Philosophy and Stubbornness
Essentially, Wenger was ahead of his time. His idea of trying to bring young players through together, playing a certain type of attractive football was what Barcelona did a few years later. However, in trying to achieve this, he overlooked a few things - the Premier League needs variants, and the players needed guidance.
Admirable as it was to change how the club played, and to lower the average age of the playing side, his best players wanted trophies. The line was that he was building a side that could be top again and winning but it never materialised. Famous blow-outs occurred, mental cavings and a reluctantness to change that stemmed from the manager himself. That was never more vivid than in his tactics - rarely any 'plan B'.
Whilst his hand may have been forced to some extent in terms of changing a successful method, Wenger has arguably taken it too far. Players he's nurtured are maturing elsewhere and it's not just because Arsenal aren't in a position to match the wages being offered by other clubs (note Wenger's pay and note the ludicrous amounts fringe Arsenal players are getting in what's a very flat wage structure) but because Arsenal were on the slide and players who've left the club have invariably gone on to win trophies with their new teams.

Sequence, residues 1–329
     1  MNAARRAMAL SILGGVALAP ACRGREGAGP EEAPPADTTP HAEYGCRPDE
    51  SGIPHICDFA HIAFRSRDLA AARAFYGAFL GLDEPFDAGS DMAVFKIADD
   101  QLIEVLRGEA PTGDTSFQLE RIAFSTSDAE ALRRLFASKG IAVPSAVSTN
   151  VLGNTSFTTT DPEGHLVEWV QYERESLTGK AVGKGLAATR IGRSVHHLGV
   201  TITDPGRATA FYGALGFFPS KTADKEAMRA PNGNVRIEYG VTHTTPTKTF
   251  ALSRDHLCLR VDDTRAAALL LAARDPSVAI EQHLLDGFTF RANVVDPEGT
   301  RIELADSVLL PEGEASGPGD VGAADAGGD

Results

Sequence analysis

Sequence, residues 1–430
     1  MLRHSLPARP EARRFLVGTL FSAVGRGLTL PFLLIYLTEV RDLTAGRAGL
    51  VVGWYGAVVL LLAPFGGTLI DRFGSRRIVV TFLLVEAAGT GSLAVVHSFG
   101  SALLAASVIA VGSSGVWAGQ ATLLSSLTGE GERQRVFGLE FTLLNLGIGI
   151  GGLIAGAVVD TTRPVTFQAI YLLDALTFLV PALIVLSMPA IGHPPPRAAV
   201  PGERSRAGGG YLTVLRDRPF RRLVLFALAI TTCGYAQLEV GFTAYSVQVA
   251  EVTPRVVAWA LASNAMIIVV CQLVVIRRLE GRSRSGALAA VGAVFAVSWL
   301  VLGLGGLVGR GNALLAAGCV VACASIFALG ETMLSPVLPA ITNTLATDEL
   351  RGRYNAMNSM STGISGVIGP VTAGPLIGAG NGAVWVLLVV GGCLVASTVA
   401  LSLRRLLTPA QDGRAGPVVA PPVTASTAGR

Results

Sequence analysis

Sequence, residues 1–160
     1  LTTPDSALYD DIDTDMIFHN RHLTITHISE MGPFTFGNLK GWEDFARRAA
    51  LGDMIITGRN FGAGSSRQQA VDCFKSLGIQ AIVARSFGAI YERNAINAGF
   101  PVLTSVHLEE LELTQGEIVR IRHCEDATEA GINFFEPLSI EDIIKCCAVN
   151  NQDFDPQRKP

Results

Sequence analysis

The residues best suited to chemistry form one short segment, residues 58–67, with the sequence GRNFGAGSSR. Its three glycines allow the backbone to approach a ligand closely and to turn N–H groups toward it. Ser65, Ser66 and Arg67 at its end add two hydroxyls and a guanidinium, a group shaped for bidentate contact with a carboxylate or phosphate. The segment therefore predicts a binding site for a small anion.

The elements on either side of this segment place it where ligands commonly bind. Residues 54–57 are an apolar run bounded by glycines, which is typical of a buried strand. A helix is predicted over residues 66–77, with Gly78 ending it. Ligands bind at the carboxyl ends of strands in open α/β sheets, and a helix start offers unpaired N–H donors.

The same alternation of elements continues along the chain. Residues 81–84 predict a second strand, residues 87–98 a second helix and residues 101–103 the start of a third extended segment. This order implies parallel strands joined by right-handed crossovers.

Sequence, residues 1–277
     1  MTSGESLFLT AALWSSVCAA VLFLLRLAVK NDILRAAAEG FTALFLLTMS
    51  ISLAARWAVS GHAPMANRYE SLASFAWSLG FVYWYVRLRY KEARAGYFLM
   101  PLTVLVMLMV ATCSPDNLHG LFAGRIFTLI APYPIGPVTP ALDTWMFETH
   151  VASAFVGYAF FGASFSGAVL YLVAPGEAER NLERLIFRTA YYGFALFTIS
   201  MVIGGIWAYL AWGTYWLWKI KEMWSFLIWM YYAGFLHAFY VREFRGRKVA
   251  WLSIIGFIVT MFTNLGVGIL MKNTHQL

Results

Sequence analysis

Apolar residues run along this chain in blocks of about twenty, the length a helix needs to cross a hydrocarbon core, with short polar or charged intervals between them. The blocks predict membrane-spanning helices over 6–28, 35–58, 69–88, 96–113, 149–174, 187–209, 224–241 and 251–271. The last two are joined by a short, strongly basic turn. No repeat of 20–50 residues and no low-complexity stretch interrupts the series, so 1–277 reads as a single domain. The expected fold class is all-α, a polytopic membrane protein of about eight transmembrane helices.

I suspect Wenger is too proud a man to admit he's made errors but whilst getting the philosophy he tried to adopt wrong is partially forgivable, like Ferguson today, there are some odd and inexplicable decisions. Hole filling, not just in the transfer market but in his teams is evident. Aaron Ramsey, a talented young central midfielder seems to be getting playing predominantly wide. The burden being placed on Wilshere is incredible, particularly after so long out of the game. Gervinho seems to be playing well within what he was capable of at Lille. The examples of misjudgement or odd management are growing and signs of change are not that evident.
Watching Wenger on the touchline gives a real insight into the mentality of the team right now, or so it seems. Frustration and almost the look of a lost wonderer are common expressions on his face. His body language with that slumped look is that of a man who's losing a fight but don't expect him to give up. Arsenal, despite qualifying from their Champions League group, are falling further back in the league - the club may say there's money to be spent but they'll struggle to attract the top players and struggle to keep their own better players if things continue this way. It's feasible that Wenger's excellent run of qualifying for Europe's elite competition could end this season.
It's too easy to suggest that no one could do better than Arsene at present, not least because that cannot be proven. Arsenal's problems though are not just results based - the club needs an overhaul and a change. A freshening up may add some competitive edge and rejuvenate both the fans and the players. There shouldn't be any fear about going backwards to go forwards - Wenger's are big shoes to have to fill.
Arsene will forever have his achievements at Arsenal to hold up as the standard bearer for the calibre of manager he was. They though are in the past and whilst arguably he's overachieved in recent years he was responsible for raising expectations at the club to the highest of levels. The same man though, is also the one responsible for subsequently failing to reach those levels he once set over what is now a very prolonged spell at the club.